High progesterone: signs, symptoms, and complications


High progesterone levels are most often associated with the period just before menstruation or pregnancy. Progesterone is a hormone responsible for preparing the endometrium, the lining of the uterus, during pregnancy after ovulation , for the release of an egg from the ovaries .

If a person does not get pregnant, the level of progesterone in their body will drop and this will trigger menstruation. On the other hand, if pregnancy occurs, progesterone continues to stimulate the body by providing blood vessels that will nourish the growing fetus. Progesterone levels also remain high during pregnancy and can be even higher if you are pregnant with more than one baby.

However, high progesterone levels can also mean ovarian cysts , adrenal disease, or ovarian cancer . It can also be a sign of molar pregnancy when abnormal cells grow in the placenta.

Symptoms of high progesterone levels are difficult to identify, as you can associate them with menstruation or pregnancy.

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Frequent symptoms

Increases in progesterone as your body prepares for fertilization has been linked to symptoms associated with PMS or PMS, including:

  • Swelling of the breast
  • Tender breasts
  • Swelling
  • Anxiety or excitement
  • Fatigue
  • Depression
  • Low libido (sex drive)
  • Weight gain


High progesterone levels by themselves do not cause health complications, but they are a sign that something else is raising them.

High progesterone levels can occur in a condition called congenital adrenal hyperplasia (HCH). This rare condition affects the adrenal glands, small glands at the top of the kidneys that produce hormones, and is the result of a lack of an enzyme, 21-hydroxylase.

CAH disrupts the balance of hormone production (insufficient or overproduction) and can cause more pronounced male traits. For example, girls with severe CAH may be born with ambiguous genitalia , and people with milder forms of the disease may have early signs of puberty or fertility problems.

How common is congenital adrenal hyperplasia?

Congenital adrenal hyperplasia (a type of 21-hydroxylase deficiency) affects about 1 in 10,000 to 1 in 15,000 people in the United States and Europe. Babies born in the United States are screened for this type of hyperplasia.

Other conditions associated with high progesterone levels include molar pregnancy and ovarian cancer.

Low progesterone

By the age of 30, you are more likely to worry about low progesterone levels than high levels. This is because its levels naturally decline over time, which can cause high estrogen levels. Low progesterone symptoms can indicate the onset of perimenopause or the time before menopause, and can mimic the symptoms of menopause.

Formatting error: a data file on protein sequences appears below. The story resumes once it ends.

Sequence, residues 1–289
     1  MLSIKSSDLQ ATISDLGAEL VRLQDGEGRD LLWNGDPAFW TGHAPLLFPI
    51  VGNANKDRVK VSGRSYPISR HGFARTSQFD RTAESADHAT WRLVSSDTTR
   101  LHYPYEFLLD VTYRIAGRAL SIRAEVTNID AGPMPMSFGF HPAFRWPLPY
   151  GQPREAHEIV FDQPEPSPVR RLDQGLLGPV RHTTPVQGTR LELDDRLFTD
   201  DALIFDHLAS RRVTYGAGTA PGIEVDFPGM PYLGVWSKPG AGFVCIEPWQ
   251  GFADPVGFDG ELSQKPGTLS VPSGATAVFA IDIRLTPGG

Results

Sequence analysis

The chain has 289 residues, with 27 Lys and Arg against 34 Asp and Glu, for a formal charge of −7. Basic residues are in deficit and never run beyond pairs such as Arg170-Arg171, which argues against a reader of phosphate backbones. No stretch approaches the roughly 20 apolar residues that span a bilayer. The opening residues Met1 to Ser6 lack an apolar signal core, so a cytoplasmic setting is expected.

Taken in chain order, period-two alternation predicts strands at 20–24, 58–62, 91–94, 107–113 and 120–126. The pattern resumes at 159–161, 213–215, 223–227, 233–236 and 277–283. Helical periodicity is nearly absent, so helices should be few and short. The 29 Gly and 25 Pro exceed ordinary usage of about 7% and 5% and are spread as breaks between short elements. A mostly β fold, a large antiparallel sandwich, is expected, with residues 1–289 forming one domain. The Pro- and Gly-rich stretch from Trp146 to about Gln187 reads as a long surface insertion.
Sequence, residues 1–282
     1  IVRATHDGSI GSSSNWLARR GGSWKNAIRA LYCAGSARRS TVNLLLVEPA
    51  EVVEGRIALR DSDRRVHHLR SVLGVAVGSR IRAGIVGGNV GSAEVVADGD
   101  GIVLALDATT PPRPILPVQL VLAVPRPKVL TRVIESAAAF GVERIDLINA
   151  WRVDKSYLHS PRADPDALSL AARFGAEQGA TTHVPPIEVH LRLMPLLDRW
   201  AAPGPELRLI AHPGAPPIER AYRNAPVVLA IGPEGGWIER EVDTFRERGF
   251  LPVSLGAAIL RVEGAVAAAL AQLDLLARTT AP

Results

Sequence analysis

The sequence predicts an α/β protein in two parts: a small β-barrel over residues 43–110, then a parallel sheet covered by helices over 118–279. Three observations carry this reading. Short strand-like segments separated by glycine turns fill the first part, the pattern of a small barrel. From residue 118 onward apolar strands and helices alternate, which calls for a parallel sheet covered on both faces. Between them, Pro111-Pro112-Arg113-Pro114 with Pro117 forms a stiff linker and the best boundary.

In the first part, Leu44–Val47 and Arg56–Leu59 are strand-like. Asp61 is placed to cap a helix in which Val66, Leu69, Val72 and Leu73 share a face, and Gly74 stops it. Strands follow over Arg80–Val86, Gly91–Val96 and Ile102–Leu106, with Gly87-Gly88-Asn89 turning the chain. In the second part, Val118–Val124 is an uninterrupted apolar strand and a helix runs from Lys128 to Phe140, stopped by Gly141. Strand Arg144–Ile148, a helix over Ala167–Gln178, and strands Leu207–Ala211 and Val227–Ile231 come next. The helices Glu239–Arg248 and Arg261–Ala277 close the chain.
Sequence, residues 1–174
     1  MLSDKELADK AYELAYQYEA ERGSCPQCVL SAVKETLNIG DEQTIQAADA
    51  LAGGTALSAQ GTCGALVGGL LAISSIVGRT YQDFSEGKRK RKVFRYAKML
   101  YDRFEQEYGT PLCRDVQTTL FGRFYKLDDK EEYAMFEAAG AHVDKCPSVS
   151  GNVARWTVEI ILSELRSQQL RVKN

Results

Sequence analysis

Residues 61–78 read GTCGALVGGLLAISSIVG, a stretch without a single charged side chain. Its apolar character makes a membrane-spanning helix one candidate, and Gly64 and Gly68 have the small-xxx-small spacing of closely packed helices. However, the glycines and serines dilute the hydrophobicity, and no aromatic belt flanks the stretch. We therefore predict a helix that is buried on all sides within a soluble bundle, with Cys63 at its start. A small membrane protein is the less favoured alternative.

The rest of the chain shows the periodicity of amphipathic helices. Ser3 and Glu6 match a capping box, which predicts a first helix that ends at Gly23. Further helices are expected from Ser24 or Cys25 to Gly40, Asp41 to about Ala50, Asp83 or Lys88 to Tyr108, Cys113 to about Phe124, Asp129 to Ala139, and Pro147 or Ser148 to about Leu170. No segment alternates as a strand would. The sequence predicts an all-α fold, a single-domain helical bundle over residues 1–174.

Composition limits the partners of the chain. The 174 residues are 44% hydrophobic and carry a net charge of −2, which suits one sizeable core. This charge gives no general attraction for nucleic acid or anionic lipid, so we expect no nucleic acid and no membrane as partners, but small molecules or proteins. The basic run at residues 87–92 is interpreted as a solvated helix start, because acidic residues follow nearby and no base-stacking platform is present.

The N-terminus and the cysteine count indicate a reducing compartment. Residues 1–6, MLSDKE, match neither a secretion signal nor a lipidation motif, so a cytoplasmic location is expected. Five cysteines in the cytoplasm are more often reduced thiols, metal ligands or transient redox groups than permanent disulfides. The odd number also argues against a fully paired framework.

When to see a doctor

Regardless of your age, when you feel that your hormonal balance is out of balance, you should call your doctor. Your doctor will know what tests to order and what to advise based on your concerns.

The only way to know if your progesterone is elevated is to see your doctor and have a blood test. However, keep in mind that hormones are constantly fluctuating and that results outside the normal range may not mean something is wrong.

Just because you are over 35 years old and have trouble conceiving after six months of trying or having a miscarriage does not automatically mean that you have trouble making progesterone. However, you should check it out. Ovulation problems are a common cause of infertility.


There is often no need to worry about high progesterone levels because levels naturally rise before menstruation and during pregnancy. However, it can sometimes be a sign of an underlying medical condition. If you have symptoms of elevated progesterone levels and are not pregnant, talk to your doctor about what may be causing this and if you need treatment.

Get the word of drug information

Progesterone is a powerful hormone, but it doesn't work on its own. Together with estrogen and testosterone, it creates a unique picture of changes in levels throughout the menstrual cycle.

Any symptom must be viewed through the prism of how these three hormones work together and how their collective ebb and flow changes the human body at different times and in different life events.

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